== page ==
CLOUD FORENSICS AND IT’s CHALLENGES
Major companies and also traditional vendors are using cloud services since cloud services provide broader horizon of services to the clients. Cloud computing offers diverse beneﬁts such as scalability, ﬂexibility and readily available services. Flexibility beneﬁt refers to the ability of using the computer resources you need when you need them, shortening IT projects and overall cost.
• Software as a Service (SaaS): Providers offer access to their applications that are hosted on their own servers and consumers make use of them Common examples include ﬁle storage, social networking and email.
• Platform as a Service (PaaS): Here cloud providers offer a platform where consumers deploy and run their applications. The underlying hardware, network and tools are provided by the cloud service. Examples include Google App Engine and Windows Azure
• Infrastructure as a Service (IaaS): Consumers buy raw computing and storage space and they can control and manage the underlying infrastructure like the operating systems, software and network. Examples are Amazon EC2 and Rackspace Cloud Services.
As cloud services is becoming more widespread its involvement in crime is likely to increase. Over the time, the use of digital evidence in criminal and civil matters will continue to expand. Cloud providers and customers need to set up their infrastructures to meet these lawful requests or face fines and other legal repercussions. Cloud forensics is difficult because there are challenges with multi-tenant hosting, synchronization problems and techniques for segregating the data in the logs,” said Keyun Ruan, a PhD candidate at the Centre for Cyber Crime Investigation in Ireland.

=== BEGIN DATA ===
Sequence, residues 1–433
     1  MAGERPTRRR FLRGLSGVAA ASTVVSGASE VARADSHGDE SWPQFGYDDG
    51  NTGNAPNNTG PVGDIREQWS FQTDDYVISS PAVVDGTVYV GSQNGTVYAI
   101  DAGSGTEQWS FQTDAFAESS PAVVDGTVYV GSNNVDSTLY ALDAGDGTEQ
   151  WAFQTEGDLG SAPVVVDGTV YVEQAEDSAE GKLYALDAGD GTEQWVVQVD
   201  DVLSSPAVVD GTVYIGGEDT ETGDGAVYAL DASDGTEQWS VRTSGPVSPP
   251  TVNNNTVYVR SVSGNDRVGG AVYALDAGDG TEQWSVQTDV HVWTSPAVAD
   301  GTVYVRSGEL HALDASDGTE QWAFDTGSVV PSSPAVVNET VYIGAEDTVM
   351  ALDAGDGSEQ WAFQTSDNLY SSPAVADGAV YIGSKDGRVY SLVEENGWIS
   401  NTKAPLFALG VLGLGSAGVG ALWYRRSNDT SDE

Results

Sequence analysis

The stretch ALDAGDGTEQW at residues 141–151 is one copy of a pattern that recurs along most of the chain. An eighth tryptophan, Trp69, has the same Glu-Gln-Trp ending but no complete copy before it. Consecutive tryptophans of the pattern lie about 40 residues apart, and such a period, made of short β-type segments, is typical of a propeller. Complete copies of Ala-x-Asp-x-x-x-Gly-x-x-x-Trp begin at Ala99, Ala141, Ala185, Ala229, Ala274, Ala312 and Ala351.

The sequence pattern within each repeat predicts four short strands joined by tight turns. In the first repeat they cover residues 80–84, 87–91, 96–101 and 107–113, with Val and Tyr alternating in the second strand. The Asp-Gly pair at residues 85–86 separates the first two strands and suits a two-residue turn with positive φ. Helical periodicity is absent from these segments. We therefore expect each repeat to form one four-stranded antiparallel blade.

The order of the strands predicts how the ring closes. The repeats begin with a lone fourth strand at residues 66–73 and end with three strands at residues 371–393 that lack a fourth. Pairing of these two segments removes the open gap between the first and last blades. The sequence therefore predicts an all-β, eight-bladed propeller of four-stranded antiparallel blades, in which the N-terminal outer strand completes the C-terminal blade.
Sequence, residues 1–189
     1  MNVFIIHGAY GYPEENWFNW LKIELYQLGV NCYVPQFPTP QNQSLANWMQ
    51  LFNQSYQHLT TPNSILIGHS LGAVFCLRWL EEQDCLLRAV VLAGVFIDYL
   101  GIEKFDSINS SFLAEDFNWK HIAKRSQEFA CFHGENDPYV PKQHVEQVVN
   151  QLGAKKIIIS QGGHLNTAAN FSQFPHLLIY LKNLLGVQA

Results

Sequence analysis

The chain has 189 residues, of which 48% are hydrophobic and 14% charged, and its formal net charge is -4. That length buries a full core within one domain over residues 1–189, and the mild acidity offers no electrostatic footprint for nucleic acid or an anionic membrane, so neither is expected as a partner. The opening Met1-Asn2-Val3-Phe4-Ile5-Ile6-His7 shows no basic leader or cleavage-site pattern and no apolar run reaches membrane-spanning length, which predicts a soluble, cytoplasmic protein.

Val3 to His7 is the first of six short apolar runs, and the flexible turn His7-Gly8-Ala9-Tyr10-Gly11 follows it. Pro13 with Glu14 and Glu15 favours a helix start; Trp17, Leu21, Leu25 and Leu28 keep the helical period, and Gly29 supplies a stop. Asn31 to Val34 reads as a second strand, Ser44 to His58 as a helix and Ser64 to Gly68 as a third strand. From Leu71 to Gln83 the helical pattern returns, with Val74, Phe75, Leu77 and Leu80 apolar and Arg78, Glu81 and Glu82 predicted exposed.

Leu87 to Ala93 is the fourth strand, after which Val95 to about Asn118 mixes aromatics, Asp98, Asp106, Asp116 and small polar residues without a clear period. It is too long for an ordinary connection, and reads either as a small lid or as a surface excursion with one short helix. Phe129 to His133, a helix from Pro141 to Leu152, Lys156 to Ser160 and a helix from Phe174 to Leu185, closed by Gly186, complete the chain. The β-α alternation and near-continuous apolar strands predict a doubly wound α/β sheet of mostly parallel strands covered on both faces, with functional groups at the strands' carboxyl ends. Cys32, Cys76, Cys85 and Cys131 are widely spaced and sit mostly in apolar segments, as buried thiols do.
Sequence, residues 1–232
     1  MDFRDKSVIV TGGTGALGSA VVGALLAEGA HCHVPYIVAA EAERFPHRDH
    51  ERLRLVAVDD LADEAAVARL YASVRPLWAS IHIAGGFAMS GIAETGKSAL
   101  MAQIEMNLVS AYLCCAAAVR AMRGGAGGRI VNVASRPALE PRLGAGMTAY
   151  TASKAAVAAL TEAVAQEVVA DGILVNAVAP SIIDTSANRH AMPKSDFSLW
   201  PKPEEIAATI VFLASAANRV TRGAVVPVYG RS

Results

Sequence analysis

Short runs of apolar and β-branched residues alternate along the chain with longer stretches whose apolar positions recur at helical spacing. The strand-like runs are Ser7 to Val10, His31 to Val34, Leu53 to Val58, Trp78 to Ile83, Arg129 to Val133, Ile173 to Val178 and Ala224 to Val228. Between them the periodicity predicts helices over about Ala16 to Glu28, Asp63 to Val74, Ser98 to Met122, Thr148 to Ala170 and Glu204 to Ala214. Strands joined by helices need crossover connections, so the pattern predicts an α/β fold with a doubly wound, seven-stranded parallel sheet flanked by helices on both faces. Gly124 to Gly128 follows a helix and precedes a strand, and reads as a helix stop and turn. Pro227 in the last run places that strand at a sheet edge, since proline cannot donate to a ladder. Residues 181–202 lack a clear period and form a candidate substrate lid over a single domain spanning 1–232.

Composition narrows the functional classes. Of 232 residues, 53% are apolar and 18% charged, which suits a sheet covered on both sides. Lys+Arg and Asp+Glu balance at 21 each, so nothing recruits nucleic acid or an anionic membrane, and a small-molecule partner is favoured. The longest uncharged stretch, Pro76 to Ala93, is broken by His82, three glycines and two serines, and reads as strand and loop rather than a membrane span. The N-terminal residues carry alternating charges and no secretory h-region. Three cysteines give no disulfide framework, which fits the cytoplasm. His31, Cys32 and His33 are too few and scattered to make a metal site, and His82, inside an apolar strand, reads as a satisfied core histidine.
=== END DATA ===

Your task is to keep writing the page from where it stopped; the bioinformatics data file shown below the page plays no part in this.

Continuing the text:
Traditional computer forensics involves:
• Collection of media at the crime scene or location where the media was seized
• Preservation of that media
The forensic challenges faced during investigation of cloud computing are related to control of the evidence, including collection, preservation and validation.
Investigator face challenges while investigating cloud computing also because different providers have different approaches to cloud computing. Sometimes, Lack of forensic expertise. Major challenge is faced because of Data Location and Collection. Challenge of Multi-tenancy and resource sharing Two of the main characteristics of cloud environments are multi-tenancy and resource sharing. The ﬁrst one means that a single system serves multiple users. The second one refers to the sharing of the same hardware and software resources between users. This makes data location even harder because law enforcements need to seize the speciﬁc portion of the media where the suspect’s data are stored. Referring to the cloud provider for assistance can help investigators with this challenge. Next being Massive volume of data Nowadays, we hold many devices that are able to store data. As such, we keep large volumes of data across many storage media such as USB sticks, mobile memory and external hard drives. This problem exponentially increases in cloud investigations as a user can have Terabytes of data at their disposal
Cloud providers usually have datacentres in different countries and this can lead to extraterritorial jurisdiction restrictions. Even when jurisdictional restrictions do not apply, investigations may be put on hold by enforcers’ limited investigative power, for example, by not being successful on getting a search warrant.
With cloud computing, investigation agency does not have physical control of the media nor the network on which it exists. Numerous clients will have access to a specific cloud.